Saturday, 17 July 2010

I name this child... erm...

I had to laugh the other day while listening to 'Sally Traffic' on BBC Radio 2 drive time programme that was hosted by Dale Winton some time last week on the way home from work.

She said that there'd been an accident on the A165 at a place she said she couldn't pronounce - Skirlaugh. Skirlaugh is a small village in East Yorkshire and the name is pronounced by locals as 'Skir - la.'

We don't make it easy for people do we? There is a street in Hull named Belvoir Street. Now anyone with a modicum of French at school would pronounce it something like 'Bell-v-waar'. No - locals here call it 'Beaver', like the animal.

Now this is apart from anything like trying to pronounce people's surnames. As we travel along the road to more diverse communities and ethnic origins come from around the globe, it is getting more difficult. You only had to listen to the commentators in the World Cup to see how occasionally they struggled, and that's with practice and a pronunciation unit to back them up.

Now this, of course is nothing new. Take the BBC classic comedy series, Dad's Army. The man in charge (allegedly) was Captain Mannering. Except his name was actually Main-Waring, hyphenated, yet it's pronounced 'Mannering'. How does that work?

The funniest (sorry Vincent) is the argument about poor Van Gogh and how to say his surname properly. Phonetically you can hear Van Goff, Van Go or Van Gock. In fact according to the Dutch (it is after all their language), his name is pronounced like its ending with a Scottish Loch, Van Gokh.

Don't worry if you're none the wiser, we can't even agree how to say Tutankhamun, is it Toot-an-car-mun or Tootan-car-mooon? Who cares, he
won't mind, he's been dead 3,342 years!

The last one that comes to mind for now was highlighted in the film, Night at the Museum (1 & 2) with the famous native American Indian tracker, Sacajawea, and the characters certainly had fun with that one.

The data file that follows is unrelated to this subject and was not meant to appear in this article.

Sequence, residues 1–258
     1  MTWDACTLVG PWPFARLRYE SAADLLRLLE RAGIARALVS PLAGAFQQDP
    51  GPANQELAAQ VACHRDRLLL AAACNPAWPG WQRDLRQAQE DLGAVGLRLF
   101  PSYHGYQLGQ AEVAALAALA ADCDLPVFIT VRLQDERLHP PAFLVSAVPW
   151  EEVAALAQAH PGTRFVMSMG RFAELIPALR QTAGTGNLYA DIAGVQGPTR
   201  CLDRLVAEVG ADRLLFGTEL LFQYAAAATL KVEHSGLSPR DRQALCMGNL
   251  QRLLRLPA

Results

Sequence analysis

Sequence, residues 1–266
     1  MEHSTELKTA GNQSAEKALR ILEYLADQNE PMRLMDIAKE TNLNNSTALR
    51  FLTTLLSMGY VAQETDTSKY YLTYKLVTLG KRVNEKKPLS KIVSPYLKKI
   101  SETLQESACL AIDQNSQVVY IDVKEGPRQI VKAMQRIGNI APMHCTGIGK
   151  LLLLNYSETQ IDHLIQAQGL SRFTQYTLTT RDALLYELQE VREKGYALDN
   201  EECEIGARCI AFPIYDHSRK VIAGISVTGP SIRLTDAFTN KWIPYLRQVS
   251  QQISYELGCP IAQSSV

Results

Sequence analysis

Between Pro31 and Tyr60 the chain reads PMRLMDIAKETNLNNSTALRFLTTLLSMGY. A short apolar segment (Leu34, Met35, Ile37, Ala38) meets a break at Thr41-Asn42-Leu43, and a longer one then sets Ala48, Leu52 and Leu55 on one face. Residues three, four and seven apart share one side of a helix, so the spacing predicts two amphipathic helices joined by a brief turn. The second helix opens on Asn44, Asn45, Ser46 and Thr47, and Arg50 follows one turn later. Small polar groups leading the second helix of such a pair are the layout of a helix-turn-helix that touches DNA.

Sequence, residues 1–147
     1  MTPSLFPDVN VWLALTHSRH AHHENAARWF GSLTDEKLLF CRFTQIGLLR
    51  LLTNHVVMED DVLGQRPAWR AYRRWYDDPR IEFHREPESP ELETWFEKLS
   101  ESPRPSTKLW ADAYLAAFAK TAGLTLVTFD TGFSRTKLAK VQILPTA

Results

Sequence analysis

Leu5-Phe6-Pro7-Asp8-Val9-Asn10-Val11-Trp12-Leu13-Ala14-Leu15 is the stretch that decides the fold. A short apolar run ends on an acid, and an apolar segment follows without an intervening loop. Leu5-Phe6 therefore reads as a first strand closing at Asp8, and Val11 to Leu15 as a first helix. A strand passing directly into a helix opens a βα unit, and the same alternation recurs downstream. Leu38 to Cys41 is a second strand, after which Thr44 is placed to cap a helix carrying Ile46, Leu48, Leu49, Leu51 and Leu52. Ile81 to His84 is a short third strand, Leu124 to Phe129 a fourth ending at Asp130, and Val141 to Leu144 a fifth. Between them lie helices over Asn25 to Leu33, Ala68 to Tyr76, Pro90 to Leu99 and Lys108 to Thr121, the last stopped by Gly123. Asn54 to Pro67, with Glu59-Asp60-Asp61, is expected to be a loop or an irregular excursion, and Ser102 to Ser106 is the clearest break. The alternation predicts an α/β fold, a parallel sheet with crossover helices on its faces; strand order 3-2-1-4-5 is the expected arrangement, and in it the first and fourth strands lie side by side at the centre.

Lets stick to the name theme for today's story.

A young native American Indian boy was speaking to his father and asked why their tribe always had such descriptive and illustrative names.

"Well," said his father, "When your brother was born, I walked out of the tent after the birth and saw an Eagle soaring high above, so I called him Soaring Eagle."

"When your sister was born, I walked out of the tent after the birth and saw a deer running across the prairie, so I called her 'Running Deer.' Why do you ask, Two Dogs Screwing?"

Chat soon



  1. There is a Belvoir pronounced beaver where I live too x

  2. Hi Auntiegwen, I've tried to find out why - dead end :(

  3. years ago when hubby started bus driving in Barnsley ( he's from worksop) people kept asking to go to 'bart green' , he looked on his list and said sorry we don't go that way, but they kept insisiting that he did, anyway they wanted 'baraugh green' !
    Josie x

  4. It extends to names too.

    I have an unusual first name for a Yorkshireman. André. I get called Ondray, Andray, Onjay, and sometimes, Tonj. And err...Thingy.

    I prefer to be called Dray, so much easier for everyone - as in rather large flat-bed cart carrying beer-barrels behind a massive horse. Apt :)

    Nowadays, if someone pronounces André correctly, I think, uh ho. What have I done? :)

  5. Hi Josie,
    excellent example of total confusion, how on earth do they get to 'Bart' from 'Baraugh' (which I'm guessing is pronounced 'barra!') Thanks for the great example

    Hi Wheelie,
    I know where you're coming from. I am only called my full first name if I am in trouble with my wife. Now here's the thing: do we become honest and say 'please spell that for me' or do we just take a best guess? I'd rather people get it right, saves confusion later. Thanks for the example - good one.

  6. D'know Spotted, since I have fairly common surname, (and it's not Smith, which is a relief - no offence meant to anyone called Smith) the combination of the vaguely exotic and the common usually gets the head-cocked-to-one-side, "How did you end up with that" expression. Answer - I've no idea, I was too young to protest :)

    It's a great conversation starter. They never forget you! Take a best guess? Hmm. I rarely get out of Yorkshire, and they will always mangle it.

    Ooh, gotta go - Victorian Pharmacy is on - well into that :)